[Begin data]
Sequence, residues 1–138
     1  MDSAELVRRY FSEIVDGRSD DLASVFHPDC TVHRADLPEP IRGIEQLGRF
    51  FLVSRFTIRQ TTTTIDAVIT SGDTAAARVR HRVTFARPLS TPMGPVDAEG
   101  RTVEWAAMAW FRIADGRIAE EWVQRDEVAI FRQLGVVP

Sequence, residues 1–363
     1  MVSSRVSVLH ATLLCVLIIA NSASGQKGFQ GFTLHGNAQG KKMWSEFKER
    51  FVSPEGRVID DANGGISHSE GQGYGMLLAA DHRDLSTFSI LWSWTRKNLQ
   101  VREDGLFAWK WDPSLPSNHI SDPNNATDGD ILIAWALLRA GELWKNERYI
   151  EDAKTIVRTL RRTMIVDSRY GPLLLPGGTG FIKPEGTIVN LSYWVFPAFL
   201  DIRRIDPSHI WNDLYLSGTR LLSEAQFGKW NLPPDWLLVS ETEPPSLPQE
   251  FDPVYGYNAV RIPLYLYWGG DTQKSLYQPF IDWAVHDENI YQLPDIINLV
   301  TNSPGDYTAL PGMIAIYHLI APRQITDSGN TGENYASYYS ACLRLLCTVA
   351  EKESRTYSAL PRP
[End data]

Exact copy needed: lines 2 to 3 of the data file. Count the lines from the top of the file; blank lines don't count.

     1  MDSAELVRRY FSEIVDGRSD DLASVFHPDC TVHRADLPEP IRGIEQLGRF
    51  FLVSRFTIRQ TTTTIDAVIT SGDTAAARVR HRVTFARPLS TPMGPVDAEG